YOKOHAMA (Kyodo) Two victims of domestic violence now living in hiding are planning to file an injunction later this week to prevent their government-sponsored cash handouts from going to their husbands, their lawyers said Monday.

In their claim, to be filed at the Yokohama District Court, the women are challenging the fairness of sending cash handouts solely to the nominal head of a household, in this case their husbands.

As the registered head of the household, the money is supposed to go to the husbands in accordance with central government policy, said lawyer Etsuko Saga, who is representing both women in the filing.

An official at the internal affairs ministry said a legal case involving cash handouts is unprecedented.

One of the women, from Yokohama, separated six months ago from her husband after he punched her and broke her teeth, according to Saga. In custody of her two children, the woman’s portion of the cash handout amounts to ¥52,000, she added.

The other woman, from Kawasaki, separated from her husband after being beaten while pregnant. Together with her baby, she is entitled to ¥32,000.

Because the cash handouts go to the head of household listed in the citizen resident registry as of Feb. 1, anyone who registers a new residency to receive a handout risks being located.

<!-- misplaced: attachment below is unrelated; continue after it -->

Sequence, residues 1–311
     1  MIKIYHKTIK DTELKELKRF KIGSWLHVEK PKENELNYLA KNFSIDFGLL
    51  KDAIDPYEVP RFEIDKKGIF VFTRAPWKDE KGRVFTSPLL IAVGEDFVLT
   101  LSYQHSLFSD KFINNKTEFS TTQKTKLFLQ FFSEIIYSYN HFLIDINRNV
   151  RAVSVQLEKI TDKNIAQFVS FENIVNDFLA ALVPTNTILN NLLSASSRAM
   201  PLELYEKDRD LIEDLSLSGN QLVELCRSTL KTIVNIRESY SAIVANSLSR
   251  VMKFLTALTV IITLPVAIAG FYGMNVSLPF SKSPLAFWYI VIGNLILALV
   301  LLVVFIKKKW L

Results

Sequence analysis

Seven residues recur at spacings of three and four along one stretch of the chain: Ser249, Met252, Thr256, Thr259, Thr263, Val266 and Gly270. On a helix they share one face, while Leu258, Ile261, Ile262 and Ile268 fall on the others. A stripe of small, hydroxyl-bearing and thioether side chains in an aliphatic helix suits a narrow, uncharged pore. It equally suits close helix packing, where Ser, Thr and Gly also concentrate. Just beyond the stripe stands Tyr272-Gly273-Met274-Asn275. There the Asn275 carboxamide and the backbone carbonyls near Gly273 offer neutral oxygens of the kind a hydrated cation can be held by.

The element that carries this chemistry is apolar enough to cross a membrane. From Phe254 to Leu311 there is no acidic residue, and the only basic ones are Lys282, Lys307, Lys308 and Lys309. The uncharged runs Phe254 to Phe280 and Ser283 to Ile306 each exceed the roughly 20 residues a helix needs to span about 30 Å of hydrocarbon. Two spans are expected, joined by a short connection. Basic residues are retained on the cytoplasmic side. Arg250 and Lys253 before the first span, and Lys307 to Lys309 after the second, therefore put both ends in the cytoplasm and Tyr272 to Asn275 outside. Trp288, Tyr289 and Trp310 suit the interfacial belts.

In documents seeking provisional dispositions, the women will argue that it is unjust that they and their children cannot receive the money simply for failing to update their residency information with the local governments out of fear that their husbands may learn where they live, according to Saga.

The internal affairs ministry said it is using the citizen resident registry to avoid paying the same person twice and to handle more than 50 million applications quickly.

The cities of Yokohama and Kawasaki both claim they can only follow the regulations set by the government. Under the cash handout plan approved by the Diet in early March, each eligible individual will receive ¥12,000. Those 18 or younger and 65 or older get an additional ¥8,000.

In a time of both misinformation and too much information, quality journalism is more crucial than ever.
By subscribing, you can help us get the story right.